Singalila

The rhododendron trail has a roof

Clad in hues

Of departing autumn:

Orange of the maple leaf,

Ever so elegant in its fall;

Green of the magnolia,

Eager to blush at the faintest whispers

Of spring;

The barren have long shed their green

Revealing my winter blues –

An endless playground for wings.

Death is the end, only

If you think it so;

Just ask the tiny oak nut that rebels, 

Plummets, 

And breaches the silence

Of an infinite jungle on tiptoes.

~ Sumeet

My tryst with the tiger

It started way back in November 2011: My love affair with the tiger. On my second-ever wildlife photography expedition, I had gone to Corbett National Park, Uttarakhand, India. Although Corbett is rich in avian biodiversity and is blessed with a breathtaking landscape, the lure of this forest is its striped cats. The tiger is always a heart-stopping sight – so I’d heard. But I was going to make up my own mind about it. So, for five days, we searched the woods, tracked pug marks and listened to alarm calls by spotted deer, sambar deer, and monkeys. Ironically, a more elusive big cat – the leopard – showed up with its midday meal – a spotted deer- hung up on a tree. It was a memorable (and rare) sighting. But the tiger continued to evade us.

On the last safari of the tour, luck finally seemed to favour us. While tracking the big cats, we zeroed in on the location of a tigress and her cubs. They were behind behind some bushes near a path aptly named ‘thandi sadak’ (cold street).  On one side of this rugged path was the grassland abound with unsuspecting prey and on the other, the dense forest that hid our precious family of tigers. Tigers were known to cross this ‘sadak’ to get to their prime hunting grounds- the grassland. Cameras were mounted and aimed, test shots were fired to gauge the light, settings were put in place. We were locked and loaded.

The little ones’ hesitant footsteps on the dry leaf carpet, the monkeys’ frantic alarm calls and a paranoid jungle fowl’s shrieks only added to the anticipation of the big moment. We waited, and waited and waited. Meanwhile, I clicked every bird that flew by, UFO-shaped cobwebs, even the tourists waiting in anticipation.  News about a potential tiger sighting spreads like wildfire among tiger-trackers; jeep after jeep comes roaring in to the spot; and the tiger, to no one’s surprise, often takes the first route out. This protective mother tigress knew the threat too well and receded back into the forest with her kids. The wildlife expedition was over. I hadn’t spotted a single tiger, let alone click it.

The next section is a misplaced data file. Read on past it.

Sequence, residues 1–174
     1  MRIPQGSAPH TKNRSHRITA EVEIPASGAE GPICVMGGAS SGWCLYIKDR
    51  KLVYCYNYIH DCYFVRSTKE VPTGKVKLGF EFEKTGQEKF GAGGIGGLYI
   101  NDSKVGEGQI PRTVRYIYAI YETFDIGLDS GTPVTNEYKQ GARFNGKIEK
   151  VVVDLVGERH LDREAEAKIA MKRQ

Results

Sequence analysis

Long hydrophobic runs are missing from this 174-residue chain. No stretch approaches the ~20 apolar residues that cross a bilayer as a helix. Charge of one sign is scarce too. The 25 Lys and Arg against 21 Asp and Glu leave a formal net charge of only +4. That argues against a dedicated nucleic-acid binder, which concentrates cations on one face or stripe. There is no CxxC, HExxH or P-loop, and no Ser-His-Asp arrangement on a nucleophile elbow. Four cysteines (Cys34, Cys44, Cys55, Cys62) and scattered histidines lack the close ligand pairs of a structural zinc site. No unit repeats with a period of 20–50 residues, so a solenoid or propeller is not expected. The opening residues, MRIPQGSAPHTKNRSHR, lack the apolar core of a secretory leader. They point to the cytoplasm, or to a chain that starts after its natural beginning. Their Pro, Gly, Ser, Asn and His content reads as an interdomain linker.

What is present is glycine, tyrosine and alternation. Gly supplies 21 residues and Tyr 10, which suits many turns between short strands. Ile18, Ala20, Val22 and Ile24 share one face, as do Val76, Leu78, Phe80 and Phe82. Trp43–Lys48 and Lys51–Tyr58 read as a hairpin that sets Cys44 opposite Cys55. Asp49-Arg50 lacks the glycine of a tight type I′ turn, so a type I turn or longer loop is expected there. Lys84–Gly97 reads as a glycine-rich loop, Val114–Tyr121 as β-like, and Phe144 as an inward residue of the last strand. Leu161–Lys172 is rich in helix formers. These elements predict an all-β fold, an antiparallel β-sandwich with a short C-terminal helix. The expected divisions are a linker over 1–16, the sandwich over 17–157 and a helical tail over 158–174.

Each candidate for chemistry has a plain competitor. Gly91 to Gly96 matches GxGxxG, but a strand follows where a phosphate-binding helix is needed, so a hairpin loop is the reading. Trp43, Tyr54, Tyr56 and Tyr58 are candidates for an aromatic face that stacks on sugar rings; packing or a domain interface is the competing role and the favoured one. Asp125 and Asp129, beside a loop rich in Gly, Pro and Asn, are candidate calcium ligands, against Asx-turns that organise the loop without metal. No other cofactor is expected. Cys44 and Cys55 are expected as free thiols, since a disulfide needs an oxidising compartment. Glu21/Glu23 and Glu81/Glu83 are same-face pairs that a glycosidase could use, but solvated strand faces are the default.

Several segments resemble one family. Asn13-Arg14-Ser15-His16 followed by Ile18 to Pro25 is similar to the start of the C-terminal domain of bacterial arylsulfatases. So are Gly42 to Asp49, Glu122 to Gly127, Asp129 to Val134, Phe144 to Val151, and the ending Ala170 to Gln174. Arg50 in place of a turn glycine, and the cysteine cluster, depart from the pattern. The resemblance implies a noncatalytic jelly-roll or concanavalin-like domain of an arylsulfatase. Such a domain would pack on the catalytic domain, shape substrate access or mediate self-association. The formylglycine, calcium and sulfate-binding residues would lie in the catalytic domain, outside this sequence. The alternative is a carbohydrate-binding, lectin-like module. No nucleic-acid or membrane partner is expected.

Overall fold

Fast forward 16 months, it was March 28, 2013. I was finally in the jungle again. This time in Bandhavgarh, Madhya Pradesh, India. The national park flaunts the highest density of tigers in India. The tour promised a lot of tiger action and the subject in each safari was the striped cats, not landscapes or birds.

The first safari had me beaming, like a kid opening his long-awaited Christmas gift. By the end of it, i felt like one who hadn’t been in Santa’s good books that year. While most jeeps came back empty-handed, one had spotted a new bunch of cubs with their mom, and one had captured five different tigers. Five! Still optimistic, I pinned my hopes on the evening safari, trying to believe that i was perhaps destined for a ‘special’ first sighting.

The second safari of the day soon stripped me of all the excitement. None of the jeeps had seen anything remotely striped, the light was fast fading and it was almost time to exit the jungle. My optimism had turned sore. “There’s a nightjar sitting out in the open on a curve up ahead,” one of our mentors travelling in a different jeep told our driver when our vehicles crossed paths. He gave us directions and hence, a heading. Since we had already given up all hopes of seeing a tiger, we decided to take his word and make a frame of the nocturnal bird. Nightjars are beautiful creatures and i’ve captured them before, but i had been too excited about tigers to be craving nightjars.

As we swerved around a corner on a dusty path in the woods, the guide riding shotgun asked the driver to stop and reverse, in what i can only describe as a hushed scream. On the morning safari, i would have taken this as a clear tiger sign. But the cloud of pessimism loomed large over my head. “What? You saw the nightjar?” I asked him. He looked at me with disbelief and said the one word i had been dying to hear since the Corbett failure: “Tiger”.